one-fourth of its current urban population. In last
decades 2,800 towns were added that have a municipal
administration of some sort, or as places that have a
Confederation of Horticulture
Associations of India
population of at least 5,000, where the main occupation
for adult males is not farming. In terms of urban
population, the top three states are Maharashtra with
50.8 million, Uttar Pradesh with 44.4 million and Tamil
Nadu with 34.9 million. The expansions of cities are
driven by economic growth and or by migration from
rural to urban and peri-urban area as agriculture and
rural employment opportunities lag behind cities.
The cities in India are rapidly growing and the
manifestation of urban crisis in a variety of areas viz.,
environment, food, energy etc. can be directly traced
to the unbridled growth of cities. Urban and peri-urban
land use patterns are changing dramatically due to the
pressure of population and the role of urban fringe in
supplying food, fuel, forage and industrial forest
products, has declined considerably. The environmental
crisis of the urban region has become acute and
interlinked in complex ways to urban energy, land use
and the political economy of urban development.
Cities will continue to need resources such as food,
fibre, clean water, nature, biodiversity, and recreational
space, as well as the people and communities that
produce and provide these urban necessities and
desires. Hence, key questions for the next decades
are how, where and by whom these urban necessities
and desires will be produced and provided, and how
this can be done in manner that is considered to be
socially, economically and ecologically sustainable and
ethically sound.
Urban and peri-urban horticulture
(UPH)-a way forward
Urban and Peri urban horticulture opportunities
are emerging in urban area for horticulture as demand
for fresh fruits, vegetables are increasing resulting in
various activities. Roof and terrace gardening is finding
now place to get fresh fruits, vegetables and flowers,
and also for environmental services. Vegetable
production, has expanded in and around cities in many
developing countries as an informal activity practiced
by poor and landless city dwellers. The broad diversity
of horticultural crop species allows year-round
production,improved employment and income.
Growers have realised that intensive horticulture can
be practiced on small plots, making efficient use of
limited water and land resources. Horticultural crops,
as opposed to other food crops, have a considerable
yield potential and can provide up to 50 kg of fresh
produce per m² per year depending upon the technology
applied. In addition, due to their short cycle they provide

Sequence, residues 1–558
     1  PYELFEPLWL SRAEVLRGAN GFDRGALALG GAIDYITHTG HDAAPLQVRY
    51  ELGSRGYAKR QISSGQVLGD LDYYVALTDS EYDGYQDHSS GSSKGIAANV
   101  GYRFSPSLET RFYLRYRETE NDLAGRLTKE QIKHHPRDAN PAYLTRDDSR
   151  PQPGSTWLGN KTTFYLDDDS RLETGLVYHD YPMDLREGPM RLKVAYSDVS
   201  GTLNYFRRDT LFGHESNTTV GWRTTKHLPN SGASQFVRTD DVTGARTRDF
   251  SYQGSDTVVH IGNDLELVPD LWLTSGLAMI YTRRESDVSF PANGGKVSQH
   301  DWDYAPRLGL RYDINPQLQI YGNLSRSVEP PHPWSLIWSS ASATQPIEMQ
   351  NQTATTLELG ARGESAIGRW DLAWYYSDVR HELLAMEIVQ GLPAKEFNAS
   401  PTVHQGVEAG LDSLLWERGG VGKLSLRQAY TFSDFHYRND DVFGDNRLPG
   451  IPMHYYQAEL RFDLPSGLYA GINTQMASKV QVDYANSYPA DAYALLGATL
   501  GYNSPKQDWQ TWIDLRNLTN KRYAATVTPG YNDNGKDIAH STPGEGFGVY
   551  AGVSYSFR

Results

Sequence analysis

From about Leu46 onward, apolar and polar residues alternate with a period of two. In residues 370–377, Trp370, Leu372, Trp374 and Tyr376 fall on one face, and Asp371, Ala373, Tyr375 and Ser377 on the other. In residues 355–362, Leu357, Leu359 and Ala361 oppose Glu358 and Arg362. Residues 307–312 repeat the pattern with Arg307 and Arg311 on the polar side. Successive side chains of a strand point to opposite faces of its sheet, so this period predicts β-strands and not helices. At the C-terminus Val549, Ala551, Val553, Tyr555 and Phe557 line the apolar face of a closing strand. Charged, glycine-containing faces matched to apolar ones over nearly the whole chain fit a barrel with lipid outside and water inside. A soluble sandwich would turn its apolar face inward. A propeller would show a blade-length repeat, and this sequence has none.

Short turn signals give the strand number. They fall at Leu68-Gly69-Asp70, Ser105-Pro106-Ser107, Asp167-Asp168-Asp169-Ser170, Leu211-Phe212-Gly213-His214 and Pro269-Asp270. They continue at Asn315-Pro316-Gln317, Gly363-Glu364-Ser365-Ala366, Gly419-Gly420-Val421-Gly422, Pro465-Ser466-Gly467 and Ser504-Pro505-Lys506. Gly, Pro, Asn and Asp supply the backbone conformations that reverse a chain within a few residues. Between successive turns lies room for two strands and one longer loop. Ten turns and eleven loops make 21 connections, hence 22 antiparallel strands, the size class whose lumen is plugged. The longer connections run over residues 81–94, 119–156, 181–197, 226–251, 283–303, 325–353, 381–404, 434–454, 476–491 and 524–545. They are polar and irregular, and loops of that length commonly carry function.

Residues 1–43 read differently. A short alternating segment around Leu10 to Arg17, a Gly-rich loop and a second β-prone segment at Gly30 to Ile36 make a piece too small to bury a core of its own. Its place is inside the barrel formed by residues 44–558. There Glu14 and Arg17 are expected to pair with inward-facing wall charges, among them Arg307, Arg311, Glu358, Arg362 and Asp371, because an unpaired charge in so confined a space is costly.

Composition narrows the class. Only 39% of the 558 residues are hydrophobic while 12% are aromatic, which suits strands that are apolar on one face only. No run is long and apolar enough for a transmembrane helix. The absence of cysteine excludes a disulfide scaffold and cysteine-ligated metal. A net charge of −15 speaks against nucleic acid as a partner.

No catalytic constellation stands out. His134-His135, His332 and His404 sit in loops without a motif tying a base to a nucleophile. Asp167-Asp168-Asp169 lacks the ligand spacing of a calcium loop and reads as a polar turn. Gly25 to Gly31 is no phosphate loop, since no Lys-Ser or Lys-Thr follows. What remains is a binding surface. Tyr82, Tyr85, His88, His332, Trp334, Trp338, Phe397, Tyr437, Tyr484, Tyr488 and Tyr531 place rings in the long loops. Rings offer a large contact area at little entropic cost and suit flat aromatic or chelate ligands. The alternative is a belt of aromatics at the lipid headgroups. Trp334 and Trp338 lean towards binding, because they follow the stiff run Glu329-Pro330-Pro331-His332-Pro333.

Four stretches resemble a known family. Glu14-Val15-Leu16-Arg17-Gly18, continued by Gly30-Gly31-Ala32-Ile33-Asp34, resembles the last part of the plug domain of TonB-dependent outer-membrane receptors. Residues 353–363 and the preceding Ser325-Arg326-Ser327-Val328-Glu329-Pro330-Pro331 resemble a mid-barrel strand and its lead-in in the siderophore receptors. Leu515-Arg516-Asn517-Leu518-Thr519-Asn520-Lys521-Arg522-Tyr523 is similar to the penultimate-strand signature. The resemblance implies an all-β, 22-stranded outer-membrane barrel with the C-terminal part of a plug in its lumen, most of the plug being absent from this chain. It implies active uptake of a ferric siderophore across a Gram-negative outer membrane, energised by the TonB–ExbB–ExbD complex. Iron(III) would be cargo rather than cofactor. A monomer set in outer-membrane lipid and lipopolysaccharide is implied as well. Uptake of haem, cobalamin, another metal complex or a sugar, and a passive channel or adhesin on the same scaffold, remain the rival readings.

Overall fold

a quick to emergency needs for food. Leafy vegetables
provide a quick return to meet a family’s daily cash
requirements for purchasing food. Leafy vegetables
are particularly perishable and post-harvest losses can
be reduced significantly when production is located
close to consumers. Mushroom centres, which do not
need land can be a most promising activities in cities
and peri-urban area. Evidently,there is an accelerated
production of mushroom production around Delhi.There
are new practices to grow cucurbits on the arches
created on the pathways,utilising the zero-land for
additional production.
Cultivation of fruits, vegetables and
India is fortunate to be endowed with a variety
of agro-climatic zones and has a tradition of growing a
wide range of horticultural crops. Among the
horticulture produce, fruits and vegetables together
have the largest share of production (78 %). Fruits
and Vegetables not only contribute to the food basket
of the country but are also a highly remunerative crops
demanded more in urban area, where they form the
most important component of a balanced diet.
Production of crops and profitability of farmers can
be enhanced by encouraging ‘off-season’ production
under protected cultivation in green houses, shade net
houses. etc for generating income round the year. Fruit
crops such as papaya, strawberry annual fruit crops
and aonla, pomegranate, bael etc. can be grown with
minimum available water conditions in peri-urban
areas. Availability of fruits and vegetables, particularly
Urban and Peri- Urban
Horticulture -A Perspective
to the urban population, presents many challenges.
Issues such as assured availability of safe and good
quality vegetables at affordable prices continue to be
a major challenge. Addressing this concern calls for
concerted action on several fronts viz. production,
logistics covering post-harvest handling, storage,
transportation, marketing, distribution and policy reform.
In this background, a special initiative for the